In vivo effects of NAMPT activators in mice
SBI-797812 was administered to mice (10 mg compound kg−1 body weight) by oral or intraperitoneal (i.p.) dosing, blood was drawn at increasing times and plasma levels of SBI-797812 were measured by LC-MS/MS. Plasma concentrations of SBI-797812 after oral administration were low (Supplementary Fig. 11a). Higher plasma levels of SBI-797812 were seen after i.p. dosing (Cmax value: 3297 ng ml−1, 8.2 μM) (Supplementary Fig. 11b). The transient plasma exposure of SBI-797812 was a key consideration when evaluating the pharmacodynamic effects of SBI-797812 in mice.
The potency of SBI-797812 against mouse NAMPT was also investigated. The specific activity (U nmol−1 NAMPT) of mouse NAMPT using the in vitro NMN production assay was approximately eight-fold higher than human NAMPT. Moreover, the apparent affinity (EC50) of SBI-797812 for mouse NAMPT was approximately 8-fold less than for human NAMPT, whereas maximal fold activation by SBI-797812 was comparable between the mouse and human NAMPT. These differences between human and mouse NAMPT are another important factor when evaluating the in vivo efficacy of SBI-797812 in murine preclinical models.
For the tissue biomarker study, mice were dosed with SBI-797812 (20 mg kg−1 i.p.) and liver, heart, gastrocnemius muscle and quadriceps muscle were harvested after 4 h. Despite the transient plasma exposure of SBI-797812 and lower apparent affinity of SBI-797812 for mouse NAMPT, a significant 1.3-fold increase of NAD+ was detected in liver (Fig. 6a). There was also a trend towards increased NAD+ levels in cardiac tissue (Fig. 6b). Skeletal muscle, either gastrocnemius (Fig. 6c) or quadriceps (Fig. 6d), did not exhibit increased NAD+ levels after dosing with SBI-797812. The mean tissue levels of SBI-797812 (2 h post-dose) as measured by LC-MS/MS were 0.311, 0.144, 0.078, and 0.078 μg/mg dry powder in liver, heart, gastrocnemius and quadriceps, respectively (Supplementary Fig. 12). Hence, liver which displayed a statistically significant increase of NAD+ after SBI-797812 dosing exhibited the highest level of the compound.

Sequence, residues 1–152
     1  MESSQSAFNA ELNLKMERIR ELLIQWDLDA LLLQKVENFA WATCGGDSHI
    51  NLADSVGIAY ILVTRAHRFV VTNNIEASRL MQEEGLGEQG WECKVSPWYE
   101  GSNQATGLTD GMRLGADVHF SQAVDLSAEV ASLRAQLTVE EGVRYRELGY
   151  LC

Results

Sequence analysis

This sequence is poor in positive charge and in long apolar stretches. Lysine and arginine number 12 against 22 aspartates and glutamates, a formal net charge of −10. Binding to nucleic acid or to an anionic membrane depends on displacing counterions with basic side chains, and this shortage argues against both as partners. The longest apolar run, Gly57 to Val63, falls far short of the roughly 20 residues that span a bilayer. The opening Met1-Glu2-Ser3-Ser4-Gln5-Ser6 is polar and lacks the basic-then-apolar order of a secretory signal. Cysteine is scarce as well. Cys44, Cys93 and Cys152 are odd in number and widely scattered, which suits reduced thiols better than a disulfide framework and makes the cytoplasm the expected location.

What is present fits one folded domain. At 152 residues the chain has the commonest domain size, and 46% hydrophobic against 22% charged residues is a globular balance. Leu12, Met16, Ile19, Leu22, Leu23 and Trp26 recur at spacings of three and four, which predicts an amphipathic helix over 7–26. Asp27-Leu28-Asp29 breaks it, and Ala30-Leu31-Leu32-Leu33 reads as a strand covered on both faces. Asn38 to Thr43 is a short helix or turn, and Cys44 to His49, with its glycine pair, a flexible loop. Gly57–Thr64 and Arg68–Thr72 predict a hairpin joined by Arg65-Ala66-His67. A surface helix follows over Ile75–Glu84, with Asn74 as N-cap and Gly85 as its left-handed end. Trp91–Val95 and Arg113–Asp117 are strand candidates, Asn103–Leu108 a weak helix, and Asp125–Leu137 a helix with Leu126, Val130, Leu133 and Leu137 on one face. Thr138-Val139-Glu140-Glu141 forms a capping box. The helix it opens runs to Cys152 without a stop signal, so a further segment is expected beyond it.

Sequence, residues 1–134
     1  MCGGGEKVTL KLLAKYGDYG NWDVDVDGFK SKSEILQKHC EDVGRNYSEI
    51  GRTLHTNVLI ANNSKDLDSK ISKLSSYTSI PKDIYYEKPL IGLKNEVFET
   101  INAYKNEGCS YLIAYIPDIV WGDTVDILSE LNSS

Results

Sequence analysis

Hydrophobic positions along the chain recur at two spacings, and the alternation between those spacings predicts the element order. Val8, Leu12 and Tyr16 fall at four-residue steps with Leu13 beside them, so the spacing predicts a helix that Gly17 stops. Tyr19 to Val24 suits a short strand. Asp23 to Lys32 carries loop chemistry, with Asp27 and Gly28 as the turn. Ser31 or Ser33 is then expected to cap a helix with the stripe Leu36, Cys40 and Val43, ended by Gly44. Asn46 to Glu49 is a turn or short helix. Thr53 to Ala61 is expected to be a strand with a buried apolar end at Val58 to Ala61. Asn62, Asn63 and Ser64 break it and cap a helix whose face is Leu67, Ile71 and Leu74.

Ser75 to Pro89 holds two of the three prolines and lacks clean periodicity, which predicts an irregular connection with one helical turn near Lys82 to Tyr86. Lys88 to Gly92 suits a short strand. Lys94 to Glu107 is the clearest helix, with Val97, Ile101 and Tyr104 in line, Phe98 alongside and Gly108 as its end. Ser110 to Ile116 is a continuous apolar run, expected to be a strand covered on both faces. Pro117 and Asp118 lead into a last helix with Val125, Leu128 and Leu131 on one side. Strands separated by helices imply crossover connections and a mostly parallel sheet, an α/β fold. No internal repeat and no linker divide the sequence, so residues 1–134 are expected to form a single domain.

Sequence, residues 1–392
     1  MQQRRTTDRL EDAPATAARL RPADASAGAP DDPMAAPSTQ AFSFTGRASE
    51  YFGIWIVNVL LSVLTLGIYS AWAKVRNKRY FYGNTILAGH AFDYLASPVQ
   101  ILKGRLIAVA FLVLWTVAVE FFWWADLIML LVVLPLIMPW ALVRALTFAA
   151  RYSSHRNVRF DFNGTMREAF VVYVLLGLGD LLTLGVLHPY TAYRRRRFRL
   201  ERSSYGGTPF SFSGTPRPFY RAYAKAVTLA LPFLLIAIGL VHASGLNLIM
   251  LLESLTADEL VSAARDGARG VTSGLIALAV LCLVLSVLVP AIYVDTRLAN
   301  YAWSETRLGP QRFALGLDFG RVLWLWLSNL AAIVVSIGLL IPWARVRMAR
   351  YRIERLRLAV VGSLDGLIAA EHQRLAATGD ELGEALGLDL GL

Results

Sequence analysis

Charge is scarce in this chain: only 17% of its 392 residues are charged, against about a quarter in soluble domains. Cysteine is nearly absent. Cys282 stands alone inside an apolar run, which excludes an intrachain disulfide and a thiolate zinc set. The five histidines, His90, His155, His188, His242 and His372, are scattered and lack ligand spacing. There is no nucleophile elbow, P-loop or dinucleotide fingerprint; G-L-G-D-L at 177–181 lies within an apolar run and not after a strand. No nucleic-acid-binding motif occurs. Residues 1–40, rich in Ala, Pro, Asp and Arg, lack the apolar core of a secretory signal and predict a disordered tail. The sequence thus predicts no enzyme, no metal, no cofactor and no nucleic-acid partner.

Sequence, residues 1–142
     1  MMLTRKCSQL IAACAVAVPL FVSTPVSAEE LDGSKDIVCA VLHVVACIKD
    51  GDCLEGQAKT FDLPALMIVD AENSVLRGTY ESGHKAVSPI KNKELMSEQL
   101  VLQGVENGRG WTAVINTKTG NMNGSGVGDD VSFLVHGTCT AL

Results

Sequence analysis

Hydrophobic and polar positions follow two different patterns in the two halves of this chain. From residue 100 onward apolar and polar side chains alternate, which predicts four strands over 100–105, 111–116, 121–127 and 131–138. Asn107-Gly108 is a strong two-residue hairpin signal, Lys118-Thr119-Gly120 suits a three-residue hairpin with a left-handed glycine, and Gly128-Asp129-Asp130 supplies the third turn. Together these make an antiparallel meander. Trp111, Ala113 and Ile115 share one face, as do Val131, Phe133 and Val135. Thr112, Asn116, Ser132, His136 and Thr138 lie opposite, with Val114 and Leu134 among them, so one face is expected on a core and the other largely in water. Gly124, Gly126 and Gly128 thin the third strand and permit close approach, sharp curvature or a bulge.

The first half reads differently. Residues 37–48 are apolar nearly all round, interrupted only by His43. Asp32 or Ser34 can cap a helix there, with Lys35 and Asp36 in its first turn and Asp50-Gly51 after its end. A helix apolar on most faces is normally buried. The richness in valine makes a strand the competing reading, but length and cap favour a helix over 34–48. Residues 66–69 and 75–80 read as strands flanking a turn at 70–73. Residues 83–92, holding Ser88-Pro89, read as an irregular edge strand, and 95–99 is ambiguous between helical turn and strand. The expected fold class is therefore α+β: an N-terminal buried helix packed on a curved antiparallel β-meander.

Our search for small molecules that stimulated NAMPT-mediated NMN formation yielded SBI-797812 which activated purified NAMPT, raised NMN and NAD+ levels in cultured cells, and boosted hepatic NAD+ in mice. The structural similarity between SBI-797812 and active-site targeted NAMPT inhibitors was striking. Remarkably, moving the pyridyl nitrogen from the 4-position in SBI-797812 to the 2 or 3-positions changed the compound from a NAMPT activator to an inhibitor. Binding of SBI-797812 to the NAMPT active site was supported by two independent experimental approaches. Firstly, the NAMPT (G217R) mutant was refractory to activation by SBI-797812, just as it was insensitive to inhibition by CHS-82818 and FK-866. Secondly, FK-866 and CHS-828 blocked binding of SBI-797812 to NAMPT as determined with a “spin column” method that separated free ligand from NAMPT-bound ligand. The fact that SBI-797812, an active-site targeted ligand, was a NAMPT activator rather than an inhibitor posed a vexing yet fascinating conundrum.